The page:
Health secretary says ‘lack of personal responsibility’ has led to states halting reopenings
Health and Human Services Secretary Alex Azar on Monday appeared to blame a rise in coronavirus cases across several U.S. states on a lack of “personal responsibility” during an appearance on CBS.
Speaking with “CBS This Morning,” Azar, in a response to a question over whether some U.S. states reopened too quickly, said that Americans must practice smart procedures to stop the virus from spreading, including social distancing and wearing masks, but added that the American economy needed to “get back to work.”
“We’ve got to get back to work, back to school and back to health care,” Azar said. “We’ve seen states that have reopened just as much as the counties that are at issue here and have not seen these kinds of outbreaks.”
“If we don’t act responsibly, we’re going to see governors … pull back on those reopenings,” he continued.
Did America reopen too fast? — @AnthonyMasonCBS
“We’ve got to get back to work, back to school, and back to health care. We’ve seen states that have reopened just as much as the counties that are at issue here and have not seen these kinds of outbreaks” — HHS @SecAzar pic.twitter.com/2EBqrivHMV
— CBS This Morning (@CBSThisMorning) June 29, 2020
Azar’s comments come as dozens of new coronavirus cases have spiked in states nationwide. Some states, including Texas and Arizona, are reporting sharp spikes that threaten to overwhelm intensive care unit capacity.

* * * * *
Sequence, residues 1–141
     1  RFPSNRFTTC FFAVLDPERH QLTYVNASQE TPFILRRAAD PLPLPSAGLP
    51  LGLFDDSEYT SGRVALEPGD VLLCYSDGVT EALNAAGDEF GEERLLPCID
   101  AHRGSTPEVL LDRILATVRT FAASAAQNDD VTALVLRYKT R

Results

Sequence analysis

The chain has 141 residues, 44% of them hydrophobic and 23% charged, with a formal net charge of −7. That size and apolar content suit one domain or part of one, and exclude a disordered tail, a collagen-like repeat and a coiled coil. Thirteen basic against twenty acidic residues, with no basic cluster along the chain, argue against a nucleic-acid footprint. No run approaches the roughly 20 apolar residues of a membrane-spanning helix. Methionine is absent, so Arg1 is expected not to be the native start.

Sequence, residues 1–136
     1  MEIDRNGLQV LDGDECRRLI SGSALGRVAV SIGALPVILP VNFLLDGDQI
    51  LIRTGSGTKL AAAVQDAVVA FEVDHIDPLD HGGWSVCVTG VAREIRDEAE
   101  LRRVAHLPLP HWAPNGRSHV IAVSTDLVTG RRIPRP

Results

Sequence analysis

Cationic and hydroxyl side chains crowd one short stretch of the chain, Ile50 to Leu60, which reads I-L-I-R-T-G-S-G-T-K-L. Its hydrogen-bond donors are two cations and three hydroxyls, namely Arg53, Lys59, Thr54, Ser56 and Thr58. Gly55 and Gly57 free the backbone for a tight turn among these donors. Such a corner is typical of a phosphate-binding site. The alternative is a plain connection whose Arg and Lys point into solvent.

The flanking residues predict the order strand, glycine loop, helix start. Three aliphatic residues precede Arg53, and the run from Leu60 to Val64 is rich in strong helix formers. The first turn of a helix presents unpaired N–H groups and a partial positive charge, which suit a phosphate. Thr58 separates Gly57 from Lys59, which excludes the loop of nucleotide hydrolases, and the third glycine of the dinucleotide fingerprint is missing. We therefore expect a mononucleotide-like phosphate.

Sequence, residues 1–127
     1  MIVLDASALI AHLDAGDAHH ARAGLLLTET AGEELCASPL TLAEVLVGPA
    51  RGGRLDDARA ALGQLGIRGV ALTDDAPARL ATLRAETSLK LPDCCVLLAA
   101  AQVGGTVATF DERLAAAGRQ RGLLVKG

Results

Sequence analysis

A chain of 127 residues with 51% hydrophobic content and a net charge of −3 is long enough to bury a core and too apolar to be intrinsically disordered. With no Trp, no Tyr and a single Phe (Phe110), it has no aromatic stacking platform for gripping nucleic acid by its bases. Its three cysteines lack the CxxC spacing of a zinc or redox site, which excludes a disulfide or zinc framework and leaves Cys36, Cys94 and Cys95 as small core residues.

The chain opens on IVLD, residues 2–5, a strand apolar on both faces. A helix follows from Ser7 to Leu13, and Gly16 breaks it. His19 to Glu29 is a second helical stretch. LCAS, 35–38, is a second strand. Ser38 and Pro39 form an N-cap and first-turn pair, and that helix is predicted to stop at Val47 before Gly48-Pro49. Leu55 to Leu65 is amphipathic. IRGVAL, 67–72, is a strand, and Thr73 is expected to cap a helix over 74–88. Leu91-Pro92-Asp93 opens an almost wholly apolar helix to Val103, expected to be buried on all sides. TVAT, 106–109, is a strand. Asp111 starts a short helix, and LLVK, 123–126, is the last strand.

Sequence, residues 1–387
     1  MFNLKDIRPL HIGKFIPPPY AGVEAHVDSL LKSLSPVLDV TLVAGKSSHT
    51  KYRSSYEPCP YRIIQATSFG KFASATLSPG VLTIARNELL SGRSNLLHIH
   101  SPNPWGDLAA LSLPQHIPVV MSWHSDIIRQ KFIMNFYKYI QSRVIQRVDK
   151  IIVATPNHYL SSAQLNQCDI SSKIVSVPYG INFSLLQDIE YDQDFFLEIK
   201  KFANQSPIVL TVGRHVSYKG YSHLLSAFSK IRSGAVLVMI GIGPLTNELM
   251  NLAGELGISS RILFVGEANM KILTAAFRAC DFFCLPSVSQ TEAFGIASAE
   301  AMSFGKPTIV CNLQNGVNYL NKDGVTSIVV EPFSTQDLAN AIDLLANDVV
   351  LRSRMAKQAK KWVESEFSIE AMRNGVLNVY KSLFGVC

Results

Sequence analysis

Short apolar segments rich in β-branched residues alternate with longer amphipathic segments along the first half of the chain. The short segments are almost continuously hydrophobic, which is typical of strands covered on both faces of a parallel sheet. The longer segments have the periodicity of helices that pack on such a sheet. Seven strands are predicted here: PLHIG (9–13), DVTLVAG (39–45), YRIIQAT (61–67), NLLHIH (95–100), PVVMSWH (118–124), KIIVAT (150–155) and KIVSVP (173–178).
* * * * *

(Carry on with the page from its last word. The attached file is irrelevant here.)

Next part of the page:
The spikes in the cases across the U.S. follow weeks of efforts by numerous state leaders to reopen their economies, which have been largely shuttered for months due to restrictions put in place to stop the virus from spreading. Millions of Americans have filed jobless claims as businesses have been forced to furlough or lay off workers during the pandemic.
Azar has repeatedly insisted in interviews that the blame lies on individual Americans, not state leaders, for the rise in coronavirus cases.
“This isn’t about reopening or not reopening. We’ve got many communities in states that are just as reopened as these Southern states but aren’t experiencing this,” Azar said during an interview on Sunday.
“We’ve got to get to the bottom of why we’re seeing these cases surge in this area, but at its core, we all own as individuals, our individual behavior to make sure that we are practicing appropriate social distancing and wearing facial covering when we’re not able to and practicing good personal hygiene and especially protecting our most vulnerable citizens.”
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